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Department unveils national symbols

National symbols are an iconic representation of the people’s values and history, acting director of department of forestry and range resources, Mr Joshua Moloi has said.

Speaking at the launch of four national symbols in Gaborone on May 12, Mr Moloi said the four fauna and flora symbols were Morula tree, Sengaparile flower, Motshikiri grass and national bird Kgori (Kori Basturd).

He said the national symbols were selected after consultation with the stakeholders, looking at their cultural heritage and usefulness to the nation. “National symbols promote unity in a country in ensuring conservation of species associated with Botswana,” he said.

The Morula tree (Sclerocarya birrea), he said was found in most areas around the country also known as ‘tree of life’ due to its substantial benefits.

He said historically Morula was useful as its fruits were used to make juice, beer and medicinal attributes from the tree barks as well as making furniture like sledges. Mr Moloi said Motshikiri grass (eragrotis pallens) was used in Botswana to thatch traditional huts, nowadays the grass was mainly used for thatching and decoration in lodges while some harvest the grass for sale to get some money for a living.

The national flower, Sengaparile (Harpagophytum procumbens) or devil’s claw, which was found in the arid parts of the country symbolised Botswana as a strong nation, he said.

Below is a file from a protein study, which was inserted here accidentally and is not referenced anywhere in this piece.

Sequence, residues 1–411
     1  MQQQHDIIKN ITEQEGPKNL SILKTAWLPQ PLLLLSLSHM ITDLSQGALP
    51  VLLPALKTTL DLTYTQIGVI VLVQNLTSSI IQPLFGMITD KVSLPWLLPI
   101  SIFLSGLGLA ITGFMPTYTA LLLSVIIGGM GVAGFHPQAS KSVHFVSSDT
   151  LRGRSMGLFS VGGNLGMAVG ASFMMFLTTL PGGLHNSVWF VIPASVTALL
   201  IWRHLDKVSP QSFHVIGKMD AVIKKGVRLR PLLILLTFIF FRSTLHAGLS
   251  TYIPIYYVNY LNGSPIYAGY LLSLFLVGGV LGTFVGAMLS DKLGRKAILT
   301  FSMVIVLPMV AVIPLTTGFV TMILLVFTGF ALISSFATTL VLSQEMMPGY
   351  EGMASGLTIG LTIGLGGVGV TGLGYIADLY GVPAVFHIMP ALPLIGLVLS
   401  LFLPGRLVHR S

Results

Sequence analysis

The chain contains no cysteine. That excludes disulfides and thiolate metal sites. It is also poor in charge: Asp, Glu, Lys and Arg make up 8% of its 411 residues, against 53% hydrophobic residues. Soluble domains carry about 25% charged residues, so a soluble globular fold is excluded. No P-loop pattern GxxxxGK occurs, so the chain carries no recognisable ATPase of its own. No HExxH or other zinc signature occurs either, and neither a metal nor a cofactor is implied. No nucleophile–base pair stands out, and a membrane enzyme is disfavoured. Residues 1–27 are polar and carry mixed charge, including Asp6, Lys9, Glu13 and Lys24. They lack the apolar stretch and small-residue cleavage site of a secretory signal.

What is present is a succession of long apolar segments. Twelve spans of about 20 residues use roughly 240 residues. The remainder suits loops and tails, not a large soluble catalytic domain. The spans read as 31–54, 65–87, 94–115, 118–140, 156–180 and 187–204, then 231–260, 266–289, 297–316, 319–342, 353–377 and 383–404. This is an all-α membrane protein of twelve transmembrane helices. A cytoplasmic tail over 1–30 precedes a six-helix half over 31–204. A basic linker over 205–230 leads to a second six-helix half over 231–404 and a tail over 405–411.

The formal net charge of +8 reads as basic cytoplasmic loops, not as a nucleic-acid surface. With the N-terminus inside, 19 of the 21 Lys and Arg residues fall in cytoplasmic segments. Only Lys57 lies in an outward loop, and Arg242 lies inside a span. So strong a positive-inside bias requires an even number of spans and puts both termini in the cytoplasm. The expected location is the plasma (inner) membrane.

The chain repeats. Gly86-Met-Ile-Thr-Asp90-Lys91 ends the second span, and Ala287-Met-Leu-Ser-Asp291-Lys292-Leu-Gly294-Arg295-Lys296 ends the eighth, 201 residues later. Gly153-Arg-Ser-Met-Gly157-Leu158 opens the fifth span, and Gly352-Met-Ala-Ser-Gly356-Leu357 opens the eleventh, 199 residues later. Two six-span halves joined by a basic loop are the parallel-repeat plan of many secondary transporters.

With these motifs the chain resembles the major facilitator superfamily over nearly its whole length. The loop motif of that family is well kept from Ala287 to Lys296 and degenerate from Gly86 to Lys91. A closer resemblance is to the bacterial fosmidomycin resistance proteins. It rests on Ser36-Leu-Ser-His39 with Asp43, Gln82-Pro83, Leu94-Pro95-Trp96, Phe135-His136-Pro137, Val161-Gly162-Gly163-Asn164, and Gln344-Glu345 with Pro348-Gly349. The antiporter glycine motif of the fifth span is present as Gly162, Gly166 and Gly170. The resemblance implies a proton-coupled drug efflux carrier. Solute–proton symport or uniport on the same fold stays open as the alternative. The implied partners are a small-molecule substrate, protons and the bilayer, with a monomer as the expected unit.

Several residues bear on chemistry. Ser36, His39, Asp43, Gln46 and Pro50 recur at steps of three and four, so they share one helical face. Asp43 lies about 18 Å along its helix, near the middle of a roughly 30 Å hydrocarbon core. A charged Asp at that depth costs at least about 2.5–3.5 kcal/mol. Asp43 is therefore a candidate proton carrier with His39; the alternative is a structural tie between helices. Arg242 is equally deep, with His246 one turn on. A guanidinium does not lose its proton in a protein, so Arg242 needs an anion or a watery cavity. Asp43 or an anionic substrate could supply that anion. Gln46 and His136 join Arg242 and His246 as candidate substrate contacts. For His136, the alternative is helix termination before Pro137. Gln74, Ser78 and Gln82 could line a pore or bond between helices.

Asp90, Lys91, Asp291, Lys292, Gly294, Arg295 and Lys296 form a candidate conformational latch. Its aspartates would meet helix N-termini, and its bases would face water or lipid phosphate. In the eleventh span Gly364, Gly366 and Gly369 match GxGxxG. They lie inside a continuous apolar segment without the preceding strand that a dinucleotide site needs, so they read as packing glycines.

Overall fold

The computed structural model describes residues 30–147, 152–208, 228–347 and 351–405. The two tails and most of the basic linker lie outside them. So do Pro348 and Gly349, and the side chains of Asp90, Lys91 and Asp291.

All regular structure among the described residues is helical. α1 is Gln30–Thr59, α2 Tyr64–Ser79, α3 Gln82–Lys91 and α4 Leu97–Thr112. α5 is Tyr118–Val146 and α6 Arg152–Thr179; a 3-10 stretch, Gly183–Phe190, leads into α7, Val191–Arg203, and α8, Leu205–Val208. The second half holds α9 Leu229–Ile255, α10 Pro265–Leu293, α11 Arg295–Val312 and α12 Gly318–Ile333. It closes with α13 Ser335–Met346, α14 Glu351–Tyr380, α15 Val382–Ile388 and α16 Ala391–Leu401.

Mr Moloi noted that Sengaparile was famous for its medicinal capabilities in dealing with ailments such as Athritis, gout, muscle pains, liver, gall bladder and others.

For his part, the deputy director, department of Wildlife and National Parks, Dr Cyril Taolo, said Kgori (Kori Bustard) is one of the two species of these birds found in Africa with the scientific name Kori derived from the tswana name Kgori.
Kgori (Kori Bustard), he said was regarded as an iconic bird species with its amazing flying capabilities though large bird.

Dr Taolo said Kgori (Kori Bustard) was associated with royalty in Botswana since it was eaten by royals only and it was believed that if consumed by ordinary people they would suffer mental illness.

However, Dr Taolo said the Kgori (Kori Bustard) was experiencing conservation challenges and nearly threatened globally.

He stressed that conservation was primarily at the forefront for making species national symbols as well as branding purposes, and also highlighted that the zebra was now a brand in Botswana and internationally as one of Botswana’s national symbols.

He said the national symbols must be protected for the future generation by Batswana at large not government only. ENDS

Source : BOPA

Author : Kedirebofe Pelontle

Location : GABORONE

Event : National symbols launch

Date : May 13 Tue,2014


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